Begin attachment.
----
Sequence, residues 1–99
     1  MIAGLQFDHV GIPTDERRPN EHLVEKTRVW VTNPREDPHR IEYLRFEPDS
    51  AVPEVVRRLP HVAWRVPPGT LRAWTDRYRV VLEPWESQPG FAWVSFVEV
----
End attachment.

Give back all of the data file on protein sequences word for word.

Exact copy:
Sequence, residues 1–99
     1  MIAGLQFDHV GIPTDERRPN EHLVEKTRVW VTNPREDPHR IEYLRFEPDS
    51  AVPEVVRRLP HVAWRVPPGT LRAWTDRYRV VLEPWESQPG FAWVSFVEV